The Darfur Conflict in Sudan
By: Brenden Black
Just a glimpse... (Intro and Background)
Darfur is a region in the African nation of Sudan that is approximately the size of France (United). It is in the western part of Sudan, bordering Libya, Chad, and the Central African Republic. Nearly six million people and one hundred tribes call it their home (United). Some of these people are nomads and some are farmers, but they are all Muslims. In 1989, General Omar Bashir took control of the country using military force (United). As a result, tension among the country's natives has been high. In 2003, two rebel groups took up arms against the government, complaining of their lack of political power and the government's failure to protect its citizens from raiding nomads (United). These groups are known as the Sudan Liberation Army (SLA) and the Justice and Equality Movement (JEM) (United). In response, the government employed Arab militias, also known as Janjaweed. This directly translates to "devils on horseback" (Xavier). Ever since, war has plagued this land and resulted in thousands of deaths and millions of refugees.
Darfur's conflict is very complex in nature. The entire rebellion did not get into full swing until the people of Darfur were neglected by the government and attacked by the Janjaweed. As the uprisings began, the rebels seemed to find similarities between themselves and their fellow comrades, despite the fact that they came from different regions and even different countries (Xavier). Their will to fight for freedom and justice united them. Upon the initial uprisings, the government employed Arab nomads to act as mercenaries and to fight the rebels on their home turf in Darfur (Xavier). These mercenaries are known as the Janjaweed. In return for their service to the government, the nomads were promised the land that they ran the Darfur people off of (Xavier). The main cause of village destruction are the Janjaweed (Xavier). However, the international community is hesitant to take action. Even though Sudan is clearly violating international law, it would take lots of time and money to have any effect on the situation (United).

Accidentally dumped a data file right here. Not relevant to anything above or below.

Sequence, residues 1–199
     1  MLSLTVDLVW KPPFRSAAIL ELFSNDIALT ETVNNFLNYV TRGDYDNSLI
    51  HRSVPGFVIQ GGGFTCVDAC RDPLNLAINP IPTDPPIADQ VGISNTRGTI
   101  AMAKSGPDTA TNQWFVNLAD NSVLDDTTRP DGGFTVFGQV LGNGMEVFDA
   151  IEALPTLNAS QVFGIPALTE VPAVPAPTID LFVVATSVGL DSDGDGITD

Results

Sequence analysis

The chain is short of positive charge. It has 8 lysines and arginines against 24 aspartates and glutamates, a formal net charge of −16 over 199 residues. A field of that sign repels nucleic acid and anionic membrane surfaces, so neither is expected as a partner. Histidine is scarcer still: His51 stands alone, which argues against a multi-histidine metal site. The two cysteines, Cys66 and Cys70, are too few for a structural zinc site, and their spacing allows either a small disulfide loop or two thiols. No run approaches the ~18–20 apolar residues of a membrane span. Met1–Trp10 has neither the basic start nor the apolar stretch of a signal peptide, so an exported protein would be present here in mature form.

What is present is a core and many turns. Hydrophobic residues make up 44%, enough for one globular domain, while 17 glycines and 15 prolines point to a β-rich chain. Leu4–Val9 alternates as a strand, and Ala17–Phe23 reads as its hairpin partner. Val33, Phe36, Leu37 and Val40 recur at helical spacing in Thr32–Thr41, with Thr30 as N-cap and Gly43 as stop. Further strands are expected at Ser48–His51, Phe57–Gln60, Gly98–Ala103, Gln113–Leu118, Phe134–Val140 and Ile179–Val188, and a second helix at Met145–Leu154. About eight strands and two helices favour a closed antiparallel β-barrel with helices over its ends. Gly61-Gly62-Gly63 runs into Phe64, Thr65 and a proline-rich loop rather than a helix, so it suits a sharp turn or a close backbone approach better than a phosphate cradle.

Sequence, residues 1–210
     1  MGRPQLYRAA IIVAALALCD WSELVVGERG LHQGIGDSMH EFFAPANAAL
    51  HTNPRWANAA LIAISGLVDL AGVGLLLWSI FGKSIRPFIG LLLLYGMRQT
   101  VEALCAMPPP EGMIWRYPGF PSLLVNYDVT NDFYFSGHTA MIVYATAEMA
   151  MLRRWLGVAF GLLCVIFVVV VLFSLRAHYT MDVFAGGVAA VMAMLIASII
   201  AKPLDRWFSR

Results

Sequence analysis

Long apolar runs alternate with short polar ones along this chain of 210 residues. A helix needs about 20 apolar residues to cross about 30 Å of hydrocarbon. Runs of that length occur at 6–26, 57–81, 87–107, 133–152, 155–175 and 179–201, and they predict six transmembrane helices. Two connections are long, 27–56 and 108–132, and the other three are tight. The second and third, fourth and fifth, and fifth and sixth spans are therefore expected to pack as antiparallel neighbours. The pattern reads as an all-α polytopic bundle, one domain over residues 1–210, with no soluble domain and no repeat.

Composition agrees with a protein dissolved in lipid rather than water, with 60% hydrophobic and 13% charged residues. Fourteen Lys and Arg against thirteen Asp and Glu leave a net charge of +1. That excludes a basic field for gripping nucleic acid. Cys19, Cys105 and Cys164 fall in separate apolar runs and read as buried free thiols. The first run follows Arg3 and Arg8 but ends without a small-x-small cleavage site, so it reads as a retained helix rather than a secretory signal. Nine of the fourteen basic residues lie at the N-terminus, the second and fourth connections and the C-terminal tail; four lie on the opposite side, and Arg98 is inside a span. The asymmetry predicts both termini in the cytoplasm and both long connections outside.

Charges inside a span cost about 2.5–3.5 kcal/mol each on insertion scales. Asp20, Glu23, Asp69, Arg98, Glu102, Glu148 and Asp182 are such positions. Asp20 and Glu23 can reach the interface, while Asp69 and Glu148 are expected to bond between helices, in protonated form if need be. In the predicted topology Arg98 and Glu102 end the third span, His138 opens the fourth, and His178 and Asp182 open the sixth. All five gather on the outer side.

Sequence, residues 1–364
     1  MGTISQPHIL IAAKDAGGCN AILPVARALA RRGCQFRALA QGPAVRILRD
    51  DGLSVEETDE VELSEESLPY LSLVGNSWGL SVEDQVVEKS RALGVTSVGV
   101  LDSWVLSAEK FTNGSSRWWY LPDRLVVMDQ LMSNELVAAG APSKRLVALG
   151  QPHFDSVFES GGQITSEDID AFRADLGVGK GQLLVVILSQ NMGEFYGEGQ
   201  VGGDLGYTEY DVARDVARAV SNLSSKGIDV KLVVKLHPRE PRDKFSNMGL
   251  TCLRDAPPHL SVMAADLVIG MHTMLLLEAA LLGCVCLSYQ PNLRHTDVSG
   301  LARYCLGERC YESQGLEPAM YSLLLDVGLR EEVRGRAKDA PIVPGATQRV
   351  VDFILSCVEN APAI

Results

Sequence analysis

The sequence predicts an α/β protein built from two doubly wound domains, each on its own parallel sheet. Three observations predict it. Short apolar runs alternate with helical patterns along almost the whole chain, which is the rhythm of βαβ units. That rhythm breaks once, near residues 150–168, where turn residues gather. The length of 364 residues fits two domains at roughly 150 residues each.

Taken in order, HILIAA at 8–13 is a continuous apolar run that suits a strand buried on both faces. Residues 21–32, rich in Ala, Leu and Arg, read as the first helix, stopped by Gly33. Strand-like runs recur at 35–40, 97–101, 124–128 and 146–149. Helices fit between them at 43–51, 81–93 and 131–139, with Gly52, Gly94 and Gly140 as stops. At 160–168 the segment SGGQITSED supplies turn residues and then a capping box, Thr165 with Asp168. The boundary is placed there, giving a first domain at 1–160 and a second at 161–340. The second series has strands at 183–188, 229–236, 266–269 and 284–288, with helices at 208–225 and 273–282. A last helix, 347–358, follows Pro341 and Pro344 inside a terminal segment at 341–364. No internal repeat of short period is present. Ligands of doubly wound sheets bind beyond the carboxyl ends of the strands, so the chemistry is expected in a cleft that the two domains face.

This conflict has turned into a genocide. Over 400,000 people have been systematically killed and over 2,5000,000 displaced (Xavier). On average, just over one hundred people die each day, totaling about 5,000 each month (United). The Sudanese government disputes these statistics and denies any relations with the Janjaweed (United). The Sudanese government appears unwilling to address the human rights crisis in the region and has displayed inadequate efforts in restricting the activities of the Janjaweed. In June 2005, the International Criminal Court (ICC) launched investigations into human rights violations in Darfur, however the government of Sudan refused to cooperate (United). In March 2009, President Omar Bashir became the first sitting president to be accused by the ICC for coordinating an operation of mass killing, rape, and theft against the civilians in Darfur (United). The innumerable problems facing Sudan cannot be resolved until peace is secured in Darfur. According to UN estimates, 2.7 million Darfuris remain in refugee camps (Xavier). Resolving the Darfur conflict is not only imperative for the people of Darfur, but also for the future of Sudan and the stability of the entire region.
Although no official proposals have been made to resolve the Darfur conflict, I believe that there are many ways to end this genocide. One way would be to send troops in to remove Bashir from power and to restore order to the country. Another way would be to use military threats to scare the government into stopping their actions. However, these plans are much easier said than done. Sending troops to the region might outrage the international community as well as some Americans who don't think the conflict is worth American lives. Also, many consequences might arise from getting involved in this situation. These include terrorist attacks and other radical actions that might hurt our country at home. This is why no one has taken on the responsibility of ending this massacre. Even though this genocide should be stopped, the UN and its countries are too afraid to take action.
I fear that this conflict is far from its end. It has claimed millions of lives and has resulted in a near extermination of the region. I fear that this conflict will only end when all the people of Darfur are either killed or ran off. This can only happen if nobody takes action. If strong countries join together, the matter could be resolved. This genocide has gone on long enough, and doesn't need to see the light of tomorrow.
United Human Rights Council. “Genocide in Darfur”. United Human Rights. 2014 Web.
10 March 2014.
Xavier, John. Darfur: African Genocide. New York, NY. Rosen Publishing Group. 2008. Print.